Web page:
The Final Phase of the Queens Boulevard Safety Redesign is On Ice For This Year At Least
The de Blasio administration has abandoned — at least for this year — the completion of its signature Vision Zero project, announcing on Tuesday that the Forest Hills portion of Queens Boulevard will not be made safer for drivers, pedestrians and cyclists.
The last phase of the four-stage project was all set to be completed this year — until Mayor de Blasio intervened in February and ordered one last review of the project to accommodate Queens Council Member Karen Koslowitz, an opponent who was pushing an already-rejected design for the segment between Yellowstone Boulevard and Union Turnpike [PDF].
“What’s the harm of giving it a look?” the mayor said at the time. “We’ll consider it and we’ll consider it quick.”
Not quick enough — within a month, the de Blasio administration would find itself consumed by the coronavirus pandemic, and would begin slashing line items from the Department of Transportation budget left, right and center (well, central Queens, at least).
At a City Council hearing on Tuesday, DOT Commissioner Polly Trottenberg delivered the bad news:
“There were some things we were trying to wrap up with that project before corona hit — with a design firm and state overseers,” she said, adding that it’s “on bit of a pause.”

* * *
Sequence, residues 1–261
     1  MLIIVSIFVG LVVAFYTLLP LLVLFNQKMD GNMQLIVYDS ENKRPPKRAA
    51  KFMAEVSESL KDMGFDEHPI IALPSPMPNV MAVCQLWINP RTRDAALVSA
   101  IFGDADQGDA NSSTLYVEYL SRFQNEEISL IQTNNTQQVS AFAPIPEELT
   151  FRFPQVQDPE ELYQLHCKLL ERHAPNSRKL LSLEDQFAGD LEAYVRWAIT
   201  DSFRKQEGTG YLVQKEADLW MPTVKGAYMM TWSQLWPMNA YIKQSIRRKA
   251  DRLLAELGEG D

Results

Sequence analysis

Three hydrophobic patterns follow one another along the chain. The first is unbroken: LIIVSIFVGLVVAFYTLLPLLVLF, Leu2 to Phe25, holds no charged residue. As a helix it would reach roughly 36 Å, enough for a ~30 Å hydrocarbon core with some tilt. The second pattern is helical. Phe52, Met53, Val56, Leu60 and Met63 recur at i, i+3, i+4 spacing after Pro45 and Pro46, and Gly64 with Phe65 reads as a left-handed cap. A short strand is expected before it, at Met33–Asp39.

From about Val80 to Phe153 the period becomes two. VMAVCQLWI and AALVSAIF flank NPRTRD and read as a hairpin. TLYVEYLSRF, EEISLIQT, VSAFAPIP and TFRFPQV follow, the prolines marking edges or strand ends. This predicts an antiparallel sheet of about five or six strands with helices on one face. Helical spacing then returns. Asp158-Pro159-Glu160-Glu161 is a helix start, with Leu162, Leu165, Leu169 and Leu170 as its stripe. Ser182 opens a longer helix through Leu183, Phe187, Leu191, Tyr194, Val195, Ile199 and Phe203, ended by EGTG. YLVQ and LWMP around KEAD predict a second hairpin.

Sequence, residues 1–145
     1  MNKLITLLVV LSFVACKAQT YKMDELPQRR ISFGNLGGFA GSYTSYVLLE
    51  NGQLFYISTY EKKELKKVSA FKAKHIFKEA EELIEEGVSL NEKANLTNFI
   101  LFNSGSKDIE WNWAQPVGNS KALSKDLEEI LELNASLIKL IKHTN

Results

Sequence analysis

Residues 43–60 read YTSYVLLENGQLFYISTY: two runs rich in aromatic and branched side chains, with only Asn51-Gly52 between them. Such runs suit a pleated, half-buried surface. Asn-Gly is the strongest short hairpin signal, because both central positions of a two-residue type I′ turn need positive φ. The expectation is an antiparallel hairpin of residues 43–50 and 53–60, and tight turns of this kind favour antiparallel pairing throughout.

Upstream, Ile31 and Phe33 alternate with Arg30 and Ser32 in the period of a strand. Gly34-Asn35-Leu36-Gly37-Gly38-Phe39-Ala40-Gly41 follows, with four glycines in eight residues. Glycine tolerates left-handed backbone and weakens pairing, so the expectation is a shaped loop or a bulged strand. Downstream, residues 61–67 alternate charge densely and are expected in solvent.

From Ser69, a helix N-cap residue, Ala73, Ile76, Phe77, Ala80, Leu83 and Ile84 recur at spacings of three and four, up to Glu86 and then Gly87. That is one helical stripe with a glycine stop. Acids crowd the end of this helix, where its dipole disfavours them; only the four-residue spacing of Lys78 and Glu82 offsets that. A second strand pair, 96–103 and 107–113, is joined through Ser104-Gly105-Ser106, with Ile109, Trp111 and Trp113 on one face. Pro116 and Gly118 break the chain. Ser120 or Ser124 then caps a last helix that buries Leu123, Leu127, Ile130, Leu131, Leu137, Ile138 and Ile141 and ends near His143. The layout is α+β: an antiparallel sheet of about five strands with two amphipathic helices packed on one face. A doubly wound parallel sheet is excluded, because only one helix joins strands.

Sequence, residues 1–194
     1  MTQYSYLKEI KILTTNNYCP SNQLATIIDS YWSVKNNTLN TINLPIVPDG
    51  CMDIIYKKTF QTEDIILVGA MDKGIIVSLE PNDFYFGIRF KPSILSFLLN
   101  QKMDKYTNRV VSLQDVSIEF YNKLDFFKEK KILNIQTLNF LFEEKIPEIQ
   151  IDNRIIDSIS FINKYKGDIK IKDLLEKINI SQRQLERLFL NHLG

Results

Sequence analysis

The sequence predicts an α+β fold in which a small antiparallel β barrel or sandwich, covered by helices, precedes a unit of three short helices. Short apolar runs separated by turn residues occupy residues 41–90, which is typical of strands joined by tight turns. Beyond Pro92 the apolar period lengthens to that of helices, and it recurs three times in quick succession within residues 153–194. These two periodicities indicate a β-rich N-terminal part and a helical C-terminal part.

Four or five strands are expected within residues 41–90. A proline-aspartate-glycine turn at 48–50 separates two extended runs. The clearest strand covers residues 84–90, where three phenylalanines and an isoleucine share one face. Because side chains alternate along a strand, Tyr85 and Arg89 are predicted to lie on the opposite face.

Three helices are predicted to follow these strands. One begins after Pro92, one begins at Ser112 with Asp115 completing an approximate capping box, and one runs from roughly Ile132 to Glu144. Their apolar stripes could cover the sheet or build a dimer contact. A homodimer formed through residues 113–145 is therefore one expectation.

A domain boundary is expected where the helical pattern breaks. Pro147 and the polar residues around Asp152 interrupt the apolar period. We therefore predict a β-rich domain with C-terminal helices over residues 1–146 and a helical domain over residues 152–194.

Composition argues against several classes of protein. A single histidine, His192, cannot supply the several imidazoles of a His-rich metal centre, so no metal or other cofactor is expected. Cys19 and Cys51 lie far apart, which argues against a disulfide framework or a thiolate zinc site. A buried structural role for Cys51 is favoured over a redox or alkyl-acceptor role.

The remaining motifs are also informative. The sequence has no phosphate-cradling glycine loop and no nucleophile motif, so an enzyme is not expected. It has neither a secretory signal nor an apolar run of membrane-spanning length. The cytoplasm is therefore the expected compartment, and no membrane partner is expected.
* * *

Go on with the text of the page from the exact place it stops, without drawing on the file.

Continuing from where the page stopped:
“I don’t have totally clear answer when we move forward with that project,” she added.
Koslowitz had asked the mayor to consider a design that would to retain a lane of the Queens Boulevard service road for parking and divert the protected bike lane from the existing three phases of the project — from Roosevelt Avenue to Yellowstone Boulevard — into the median. Advocates said that plan is dumb.
“The center median idea has been rejected for years,” said Peter Beadle, a Queens Community Board 6 member and cycling activist. “This tired fantasy of car drivers has been around a long as there has been talk of fixing Queens Boulevard. It’s the classic, ‘Use the center median and stay away from our parking!’ There’s no actual thought or engineering behind it.”
The failure of the city to complete the Queens Boulevard — which DOT had said would be done in 2019, but it became part of complex negotiation between the mayor and Koslowitz over siting a jail in her district — is a stunning defeat for all road users, but mostly for the mayor himself. The first three phases of the project have reduced crashes dramatically. City statistics show that injuries from crashes dropped by 24 percent and pedestrian injuries were down 55 percent after the first phase was completed between Roosevelt and Eliot avenues.
City officials have long argued that protected bike lanes make roadways safer for all users. When such lanes are not installed, by definition, the roadway is less safe. Koslowitz did not immediately return a call seeking comment for why that’s OK.
Cristina Furlong of Make Queens Safer called the news “a surefire punch in the gut to Central Queens advocates as well as new cyclists!”
“Riders in Queens are basically being fed to the sharks, while city leaders brag and boast about the benefits of cycling,” she added. “It’s an embarassment to have shown up every single time DOT asked, and worked at countless tables, spoken at countless meetings, and promoted Queens Boulevard through many rides, including our 100+Women’s Ride, and a rally at Borough Hall with Families for Safe Streets and Council Member Koslowitz only to see these same elected officials who encouraged us, ravage every gain we’ve achieved.
“If not for Council Member Koslowitz’s stall tactic — and Mayor de Blasio’s willingness to abide it — we’d already have hundreds of new riders on Queens Boulevard,” she added.